Resentment and anger has brewed among thuggish far-right groups and powerful clerics who treat homosexuals with disdain.
Weighed down by a restrictive Soviet heritage but filled with lofty European aspirations, the crisis-torn east European country hopes to use the global spotlight to showcase its tolerance of values long-cherished in the West.
Yet beneath the liberal facade put on by the city, which wants fans at Saturday's final to celebrate "our unique differences," resentment and anger has brewed among thuggish far-right groups and powerful clerics who treat homosexuals with disdain.
And while the Kyiv Pride LGBT rights group distributes maps of gay-friendly places tucked in the shadow of Orthodox churches, beatings of homosexuals are routine and even the prime minister shudders at the thought of legalising same-sex marriage.
"God forbid!" Volodymyr Groysman exclaimed in November 2015. "We will never support this."
The most vivid display of Kiev's embrace of diversity involved plastering a giant arch in the heart of the city that symbolised the Soviet-era bond between Ukraine and Russia with the rainbow colours of the LGBT flag.
Ukraine has wanted to distinguish itself starkly from it arch-foe Russia, its eastern neighbour that has drawn global condemnation over crackdowns against the LGBT community.
Soaring 35 metres (115 feet) above the Dnipro River, Kiev said the arch would become the world's largest artificial rainbow.
Ultranationalist group Right Sektor has actively resisted the initiative.
The arch is now a jarring sight: part rainbow, part shiny grey metal, the city halted work on the project when confronted by hostile Right Sektor activists waving their ominous red and black banners.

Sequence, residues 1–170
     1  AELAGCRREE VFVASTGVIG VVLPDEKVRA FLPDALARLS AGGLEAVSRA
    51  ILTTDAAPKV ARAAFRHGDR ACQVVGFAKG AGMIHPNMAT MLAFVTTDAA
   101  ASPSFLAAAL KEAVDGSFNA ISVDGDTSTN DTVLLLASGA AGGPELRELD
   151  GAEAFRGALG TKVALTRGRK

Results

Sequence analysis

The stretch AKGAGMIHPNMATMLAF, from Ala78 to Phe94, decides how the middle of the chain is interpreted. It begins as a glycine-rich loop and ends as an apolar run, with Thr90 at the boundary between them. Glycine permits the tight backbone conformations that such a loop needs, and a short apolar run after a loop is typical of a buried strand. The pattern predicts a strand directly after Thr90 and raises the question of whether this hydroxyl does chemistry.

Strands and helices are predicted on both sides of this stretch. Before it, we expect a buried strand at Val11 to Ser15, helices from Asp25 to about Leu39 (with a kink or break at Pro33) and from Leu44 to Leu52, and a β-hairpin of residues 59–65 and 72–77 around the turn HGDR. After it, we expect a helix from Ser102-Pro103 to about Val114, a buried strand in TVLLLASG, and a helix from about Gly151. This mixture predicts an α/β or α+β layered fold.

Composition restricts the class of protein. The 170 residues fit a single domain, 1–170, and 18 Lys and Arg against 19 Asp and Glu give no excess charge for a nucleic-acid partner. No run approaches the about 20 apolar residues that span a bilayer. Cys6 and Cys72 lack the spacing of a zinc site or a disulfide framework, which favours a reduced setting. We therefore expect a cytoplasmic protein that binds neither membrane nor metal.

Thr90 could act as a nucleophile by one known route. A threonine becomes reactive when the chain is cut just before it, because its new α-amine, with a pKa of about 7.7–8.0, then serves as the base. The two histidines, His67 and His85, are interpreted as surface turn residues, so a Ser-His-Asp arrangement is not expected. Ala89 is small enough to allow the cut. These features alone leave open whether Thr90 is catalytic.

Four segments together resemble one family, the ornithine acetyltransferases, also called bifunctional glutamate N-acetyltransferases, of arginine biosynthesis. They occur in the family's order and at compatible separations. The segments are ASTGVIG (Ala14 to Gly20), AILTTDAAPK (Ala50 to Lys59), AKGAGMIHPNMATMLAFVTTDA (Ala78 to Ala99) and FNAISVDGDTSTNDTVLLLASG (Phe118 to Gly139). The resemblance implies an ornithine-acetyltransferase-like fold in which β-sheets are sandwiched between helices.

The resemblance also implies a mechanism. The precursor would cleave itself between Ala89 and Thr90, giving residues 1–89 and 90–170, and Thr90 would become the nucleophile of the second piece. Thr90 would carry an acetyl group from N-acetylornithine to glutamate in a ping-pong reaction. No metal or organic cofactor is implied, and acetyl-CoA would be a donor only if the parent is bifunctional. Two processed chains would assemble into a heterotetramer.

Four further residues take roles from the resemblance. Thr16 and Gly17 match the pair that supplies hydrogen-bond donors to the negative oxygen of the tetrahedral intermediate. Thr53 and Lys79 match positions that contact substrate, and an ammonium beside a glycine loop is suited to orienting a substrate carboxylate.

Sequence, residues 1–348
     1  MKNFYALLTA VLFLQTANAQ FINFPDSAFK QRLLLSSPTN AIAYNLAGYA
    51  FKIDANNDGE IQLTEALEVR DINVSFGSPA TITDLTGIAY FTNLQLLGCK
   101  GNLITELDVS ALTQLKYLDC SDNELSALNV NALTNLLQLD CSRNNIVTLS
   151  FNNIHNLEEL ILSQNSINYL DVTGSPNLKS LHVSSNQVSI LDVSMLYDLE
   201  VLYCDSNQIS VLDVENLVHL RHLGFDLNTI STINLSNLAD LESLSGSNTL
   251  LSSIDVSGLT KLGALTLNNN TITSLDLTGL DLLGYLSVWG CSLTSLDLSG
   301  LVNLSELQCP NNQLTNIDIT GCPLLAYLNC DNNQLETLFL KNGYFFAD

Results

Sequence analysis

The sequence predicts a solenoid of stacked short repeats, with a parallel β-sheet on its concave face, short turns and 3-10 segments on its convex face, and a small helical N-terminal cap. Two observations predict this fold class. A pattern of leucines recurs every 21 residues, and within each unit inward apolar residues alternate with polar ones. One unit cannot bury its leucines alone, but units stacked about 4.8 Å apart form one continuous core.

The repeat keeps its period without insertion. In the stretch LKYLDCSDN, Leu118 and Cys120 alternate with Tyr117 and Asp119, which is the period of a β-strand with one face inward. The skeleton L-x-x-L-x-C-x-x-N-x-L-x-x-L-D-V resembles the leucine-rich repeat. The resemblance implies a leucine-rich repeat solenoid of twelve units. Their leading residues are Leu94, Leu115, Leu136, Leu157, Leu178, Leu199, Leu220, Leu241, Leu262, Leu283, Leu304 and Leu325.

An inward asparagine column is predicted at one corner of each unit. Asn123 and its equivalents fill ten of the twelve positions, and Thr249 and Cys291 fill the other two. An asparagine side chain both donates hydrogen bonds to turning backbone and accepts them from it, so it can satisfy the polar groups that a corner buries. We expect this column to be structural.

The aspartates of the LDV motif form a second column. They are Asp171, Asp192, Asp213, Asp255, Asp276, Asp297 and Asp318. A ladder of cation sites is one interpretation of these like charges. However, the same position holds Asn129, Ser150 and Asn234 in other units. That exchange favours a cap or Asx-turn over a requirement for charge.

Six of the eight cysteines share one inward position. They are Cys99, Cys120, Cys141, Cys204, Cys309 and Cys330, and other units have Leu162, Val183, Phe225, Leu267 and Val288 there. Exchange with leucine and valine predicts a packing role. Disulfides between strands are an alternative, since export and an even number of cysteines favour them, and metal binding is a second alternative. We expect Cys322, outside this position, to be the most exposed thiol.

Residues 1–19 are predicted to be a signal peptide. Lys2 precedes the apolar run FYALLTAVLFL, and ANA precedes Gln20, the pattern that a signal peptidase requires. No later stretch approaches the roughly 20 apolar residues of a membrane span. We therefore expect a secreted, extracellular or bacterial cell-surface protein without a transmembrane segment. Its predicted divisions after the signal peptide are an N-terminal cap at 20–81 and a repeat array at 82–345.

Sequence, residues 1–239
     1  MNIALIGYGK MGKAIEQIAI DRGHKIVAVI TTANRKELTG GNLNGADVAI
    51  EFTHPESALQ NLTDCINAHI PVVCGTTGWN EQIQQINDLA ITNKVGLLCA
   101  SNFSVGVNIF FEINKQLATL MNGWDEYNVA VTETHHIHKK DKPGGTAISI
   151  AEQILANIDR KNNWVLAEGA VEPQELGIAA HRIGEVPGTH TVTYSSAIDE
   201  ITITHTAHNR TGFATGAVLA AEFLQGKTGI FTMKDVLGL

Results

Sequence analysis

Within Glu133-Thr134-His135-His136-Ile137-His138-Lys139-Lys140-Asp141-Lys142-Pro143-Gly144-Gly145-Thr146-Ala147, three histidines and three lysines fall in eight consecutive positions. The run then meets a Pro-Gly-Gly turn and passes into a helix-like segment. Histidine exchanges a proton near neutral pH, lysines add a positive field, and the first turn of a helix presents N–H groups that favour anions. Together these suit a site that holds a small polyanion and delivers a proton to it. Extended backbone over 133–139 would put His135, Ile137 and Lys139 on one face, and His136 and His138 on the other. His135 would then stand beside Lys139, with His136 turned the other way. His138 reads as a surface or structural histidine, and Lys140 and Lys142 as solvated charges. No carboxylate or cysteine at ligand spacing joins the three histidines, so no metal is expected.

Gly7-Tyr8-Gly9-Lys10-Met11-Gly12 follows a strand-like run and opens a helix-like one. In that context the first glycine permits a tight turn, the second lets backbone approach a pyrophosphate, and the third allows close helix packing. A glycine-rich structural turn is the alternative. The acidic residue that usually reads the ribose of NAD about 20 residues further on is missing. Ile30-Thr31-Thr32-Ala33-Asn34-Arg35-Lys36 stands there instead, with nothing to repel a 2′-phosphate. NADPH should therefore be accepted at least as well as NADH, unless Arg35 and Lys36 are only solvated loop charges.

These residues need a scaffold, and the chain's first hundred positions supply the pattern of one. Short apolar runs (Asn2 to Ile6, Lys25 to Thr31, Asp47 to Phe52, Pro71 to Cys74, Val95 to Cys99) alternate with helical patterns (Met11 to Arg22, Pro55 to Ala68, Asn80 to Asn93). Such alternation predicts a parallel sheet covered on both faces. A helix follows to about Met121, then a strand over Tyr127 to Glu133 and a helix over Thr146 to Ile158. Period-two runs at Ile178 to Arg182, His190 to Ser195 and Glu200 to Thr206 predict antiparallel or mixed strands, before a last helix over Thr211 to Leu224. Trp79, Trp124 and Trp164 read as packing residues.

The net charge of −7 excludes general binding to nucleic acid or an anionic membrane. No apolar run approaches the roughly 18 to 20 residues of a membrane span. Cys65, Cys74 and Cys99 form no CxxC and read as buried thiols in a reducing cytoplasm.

"Kiev is not the European capital of gays," Right Sektor spokesman Artem Skoropadskiy told AFP.
Father Feodosiy of the dominant Ukrainian Orthodox Church warned that Kiev's rainbow arch could jeopardise the country's entire social value system.
"There will be inevitable consequences for the entire nation if this ideology and these sins are spread everywhere with the help of such an enormous symbol," he told AFP.
But Ukrainians like Zoryan Kis, a gay LGBT activist, called the nearly-completed rainbow arch a "perfect metaphor of 'celebrating diversity' in Ukraine".
"It basically shows that diversity is not fully achieved in Ukraine, but that we are almost there," the 34-year-old said on an optimistic note.
International rights groups have praised Ukraine for having recently introduced legislation that offers the LGBT community more protection.
Ukraine banned sexual discrimination in employment in 2015 after having been pressured by the European Union, which it has been trying to join.
But Human Rights Watch noted in 2017 that "anti-LGBT sentiment remains strong among high-level government officials and the public" in Ukraine.
Despite extra security measures taken ahead of the contest, Ukraine's social media world was shaken by the violent beating of a lesbian woman earlier this month.
Kiev resident Gala Korniyenko, 40, and her girlfriend Nataliya went fishing in the countryside and ran into a group of rowdy men who were having an alcohol-fuelled party.
When one of them learned that Nataliya was a lesbian, he pushed her to the ground and began kicking her as the others watched.
"He was screaming that he'll kill her and bury her and people like her should not exist," Korniyenko told AFP.
Nataliya suffered a concussion, but Korniyenko said there were still signs that the times were changing because the attack received broad attention and that the LGBT community was no longer afraid of speaking out.
"Two years ago we would have swallowed it," Korniyenko said.
Nevertheless, activist Kis urged gay and lesbian couples who come to Kiev for the 42-nation song contest to keep their displays of affection private.
"Ninety-five percent of the people would react normally, but there is always a risk that you will come across a crazy far-right teenager," Kis cautioned.